Many employers include termination clauses in employment contracts to limit their liability when dismissing employees. When employers draft generous termination provisions providing for more than statutory minimums, they must follow through on that generosity when terminating employees. Failing to do so could leave employers exposed to full liability under the common law.
The employee in Holmes v Hatch Ltd. had been employed for almost 17 years as Project Manager and Senior Water Resources Engineer before he was terminated without cause. The termination provision in his employment contract was as follows:
In the event that we must terminate your employment for reasons other than cause, you will receive a termination package which takes into account your years of service, position and age. As a minimum the amount of combined notice and severance you will receive will equal 4 weeks plus one week for each completed year of service, or such greater amount as may be required by statute at the time of termination.
The employer noted that it had paid the employee his salary for approximately 25.5 weeks after his termination, and had continued his employment benefits for 8 weeks. It argued that this was more than the minimum prescribed by the second sentence of the termination clause, and that the employee had therefore received all he was entitled to.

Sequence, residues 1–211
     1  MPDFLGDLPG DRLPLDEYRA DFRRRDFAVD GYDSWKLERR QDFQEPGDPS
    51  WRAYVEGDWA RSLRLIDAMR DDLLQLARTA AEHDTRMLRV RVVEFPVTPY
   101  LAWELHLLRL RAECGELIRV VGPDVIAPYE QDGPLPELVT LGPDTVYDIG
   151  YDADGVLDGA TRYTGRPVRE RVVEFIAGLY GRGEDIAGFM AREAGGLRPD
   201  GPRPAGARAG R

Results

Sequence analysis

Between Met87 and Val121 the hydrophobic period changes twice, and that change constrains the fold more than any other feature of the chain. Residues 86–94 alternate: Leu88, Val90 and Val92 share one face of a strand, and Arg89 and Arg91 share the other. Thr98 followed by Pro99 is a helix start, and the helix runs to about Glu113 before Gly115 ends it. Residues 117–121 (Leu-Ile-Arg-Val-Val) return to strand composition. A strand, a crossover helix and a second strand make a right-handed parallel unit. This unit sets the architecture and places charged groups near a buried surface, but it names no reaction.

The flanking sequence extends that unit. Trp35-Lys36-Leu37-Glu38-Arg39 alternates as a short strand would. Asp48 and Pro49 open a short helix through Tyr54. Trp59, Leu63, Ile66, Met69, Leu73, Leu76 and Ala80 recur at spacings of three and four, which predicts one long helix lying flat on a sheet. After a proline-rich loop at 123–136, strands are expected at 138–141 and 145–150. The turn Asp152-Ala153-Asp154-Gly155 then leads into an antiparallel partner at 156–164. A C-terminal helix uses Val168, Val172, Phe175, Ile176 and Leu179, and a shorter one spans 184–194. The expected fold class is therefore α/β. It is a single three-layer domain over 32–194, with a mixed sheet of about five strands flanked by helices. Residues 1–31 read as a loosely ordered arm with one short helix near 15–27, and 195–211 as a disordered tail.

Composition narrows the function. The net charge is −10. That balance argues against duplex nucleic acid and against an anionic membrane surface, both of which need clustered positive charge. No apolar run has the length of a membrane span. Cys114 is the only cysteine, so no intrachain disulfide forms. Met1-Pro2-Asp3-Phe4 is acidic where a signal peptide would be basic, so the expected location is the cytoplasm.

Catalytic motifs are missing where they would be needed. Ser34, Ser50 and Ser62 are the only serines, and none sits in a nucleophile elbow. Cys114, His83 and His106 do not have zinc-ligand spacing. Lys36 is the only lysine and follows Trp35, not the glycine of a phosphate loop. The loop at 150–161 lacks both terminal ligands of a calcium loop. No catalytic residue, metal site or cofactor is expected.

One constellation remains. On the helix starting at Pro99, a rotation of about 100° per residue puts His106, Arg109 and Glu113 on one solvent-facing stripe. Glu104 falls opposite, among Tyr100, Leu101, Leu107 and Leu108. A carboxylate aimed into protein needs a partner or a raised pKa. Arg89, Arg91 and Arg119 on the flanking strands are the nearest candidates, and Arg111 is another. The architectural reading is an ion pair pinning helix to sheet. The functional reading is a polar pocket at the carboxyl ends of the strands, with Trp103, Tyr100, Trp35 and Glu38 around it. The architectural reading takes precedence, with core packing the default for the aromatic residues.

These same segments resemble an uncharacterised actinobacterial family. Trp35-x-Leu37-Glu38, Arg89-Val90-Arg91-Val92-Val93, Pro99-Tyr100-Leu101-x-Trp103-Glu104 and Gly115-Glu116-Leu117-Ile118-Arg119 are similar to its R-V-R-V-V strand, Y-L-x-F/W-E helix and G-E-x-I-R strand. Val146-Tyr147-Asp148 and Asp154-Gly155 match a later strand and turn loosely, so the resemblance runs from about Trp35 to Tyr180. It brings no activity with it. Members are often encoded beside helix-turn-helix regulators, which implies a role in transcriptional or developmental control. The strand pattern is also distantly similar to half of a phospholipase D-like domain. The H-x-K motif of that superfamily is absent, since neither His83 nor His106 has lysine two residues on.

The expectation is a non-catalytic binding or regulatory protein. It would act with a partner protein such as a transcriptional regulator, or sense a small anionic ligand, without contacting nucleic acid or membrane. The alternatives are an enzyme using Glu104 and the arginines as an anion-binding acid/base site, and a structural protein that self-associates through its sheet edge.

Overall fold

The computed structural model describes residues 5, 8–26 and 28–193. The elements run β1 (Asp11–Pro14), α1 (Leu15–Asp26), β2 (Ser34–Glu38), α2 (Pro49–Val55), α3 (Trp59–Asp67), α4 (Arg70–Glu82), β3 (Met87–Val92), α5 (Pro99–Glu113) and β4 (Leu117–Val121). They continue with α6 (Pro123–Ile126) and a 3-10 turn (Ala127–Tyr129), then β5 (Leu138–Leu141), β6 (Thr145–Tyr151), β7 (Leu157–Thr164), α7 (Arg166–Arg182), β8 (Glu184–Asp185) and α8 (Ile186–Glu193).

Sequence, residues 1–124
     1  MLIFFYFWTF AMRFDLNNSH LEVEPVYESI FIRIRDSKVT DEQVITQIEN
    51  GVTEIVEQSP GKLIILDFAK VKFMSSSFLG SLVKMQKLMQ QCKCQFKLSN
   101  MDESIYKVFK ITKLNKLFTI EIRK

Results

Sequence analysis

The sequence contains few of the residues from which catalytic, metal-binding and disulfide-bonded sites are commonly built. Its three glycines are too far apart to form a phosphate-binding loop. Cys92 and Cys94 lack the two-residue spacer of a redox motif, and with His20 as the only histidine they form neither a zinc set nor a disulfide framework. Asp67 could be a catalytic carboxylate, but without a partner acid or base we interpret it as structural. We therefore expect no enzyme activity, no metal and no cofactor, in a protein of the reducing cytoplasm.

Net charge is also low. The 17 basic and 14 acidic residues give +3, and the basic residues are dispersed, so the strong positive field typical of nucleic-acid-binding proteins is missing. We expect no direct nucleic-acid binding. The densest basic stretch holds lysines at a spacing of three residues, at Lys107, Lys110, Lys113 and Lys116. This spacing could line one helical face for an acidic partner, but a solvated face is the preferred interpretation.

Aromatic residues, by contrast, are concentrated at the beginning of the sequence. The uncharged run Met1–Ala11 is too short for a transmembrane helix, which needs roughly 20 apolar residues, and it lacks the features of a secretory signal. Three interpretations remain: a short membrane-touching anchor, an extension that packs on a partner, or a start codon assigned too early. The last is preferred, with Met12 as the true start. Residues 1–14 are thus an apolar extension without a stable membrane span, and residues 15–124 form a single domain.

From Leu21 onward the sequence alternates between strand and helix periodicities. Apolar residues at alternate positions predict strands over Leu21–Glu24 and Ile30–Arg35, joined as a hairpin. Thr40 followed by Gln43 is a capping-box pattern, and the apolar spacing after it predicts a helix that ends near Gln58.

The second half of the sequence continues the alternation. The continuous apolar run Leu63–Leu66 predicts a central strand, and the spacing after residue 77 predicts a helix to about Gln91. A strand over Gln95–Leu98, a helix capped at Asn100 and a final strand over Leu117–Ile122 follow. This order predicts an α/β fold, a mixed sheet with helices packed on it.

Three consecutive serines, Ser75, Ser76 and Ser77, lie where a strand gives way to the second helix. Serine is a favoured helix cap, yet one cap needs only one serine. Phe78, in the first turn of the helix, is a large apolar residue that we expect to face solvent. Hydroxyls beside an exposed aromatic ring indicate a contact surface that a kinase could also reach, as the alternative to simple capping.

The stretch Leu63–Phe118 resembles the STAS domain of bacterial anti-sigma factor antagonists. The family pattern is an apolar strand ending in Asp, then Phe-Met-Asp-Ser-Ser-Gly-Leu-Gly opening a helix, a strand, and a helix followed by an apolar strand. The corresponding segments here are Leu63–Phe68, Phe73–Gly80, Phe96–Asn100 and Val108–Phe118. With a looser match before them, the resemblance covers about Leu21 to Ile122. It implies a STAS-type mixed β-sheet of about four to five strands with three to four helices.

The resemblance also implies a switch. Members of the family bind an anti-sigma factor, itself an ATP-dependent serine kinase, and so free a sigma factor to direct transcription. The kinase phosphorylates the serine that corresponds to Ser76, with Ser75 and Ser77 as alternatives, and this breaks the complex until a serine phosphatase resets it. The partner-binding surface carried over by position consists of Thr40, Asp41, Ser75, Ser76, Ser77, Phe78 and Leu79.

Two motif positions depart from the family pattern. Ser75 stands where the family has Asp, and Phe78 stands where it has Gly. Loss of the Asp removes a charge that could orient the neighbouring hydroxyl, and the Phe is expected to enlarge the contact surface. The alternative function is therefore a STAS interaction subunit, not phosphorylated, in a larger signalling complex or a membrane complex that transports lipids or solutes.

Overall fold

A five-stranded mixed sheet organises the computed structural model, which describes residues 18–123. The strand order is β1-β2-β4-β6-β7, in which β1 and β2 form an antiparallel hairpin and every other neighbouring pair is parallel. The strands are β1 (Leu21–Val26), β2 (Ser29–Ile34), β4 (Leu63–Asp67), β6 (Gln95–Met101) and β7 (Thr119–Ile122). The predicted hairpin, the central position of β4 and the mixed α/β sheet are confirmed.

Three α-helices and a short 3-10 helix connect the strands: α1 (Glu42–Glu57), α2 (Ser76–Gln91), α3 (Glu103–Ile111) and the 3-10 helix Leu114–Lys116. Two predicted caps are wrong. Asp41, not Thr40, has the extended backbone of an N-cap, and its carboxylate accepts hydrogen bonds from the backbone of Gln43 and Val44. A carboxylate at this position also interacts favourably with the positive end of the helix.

Normally, when a party breaches a contract, it is required to perform no more than the minimum performance guaranteed under the contract. However, the clause in question promised the employee an appropriate termination package that complies with the Employment Standards Act (ESA) minimums and is based on a consideration of the listed factors. It treated consideration of the factors to arrive at a suitable termination package as an additional requirement, subject to the ESA minimums.
The court found that the termination provision explicitly incorporated several common law Bardal factors: years of service, position, and age. A proper interpretation of the provision required that these words be given meaning, and as such the employer was obligated to consider these factors when deciding on the content of the employee’s termination package.
The court found that the employer had not provided sufficient credible evidence to prove that it had indeed considered these factors when making its decision. As such, the court found that the employer had breached the employment contract, and thus could not rely on it to limit its liability. The court awarded 18 months common law notice to the employee, minus any notice payments already made by the employer and subject to mitigation.
Employers may choose to provide for more than the statutory minimums when drafting termination clauses for a variety of reasons. However, they should be aware that failing to provide compensation in accordance with these clauses could leave them exposed to liability under the common law, which can be significant. Employers should consult with employment law counsel when drafting termination clauses to ensure that they are promising what they intend to promise, and not more.
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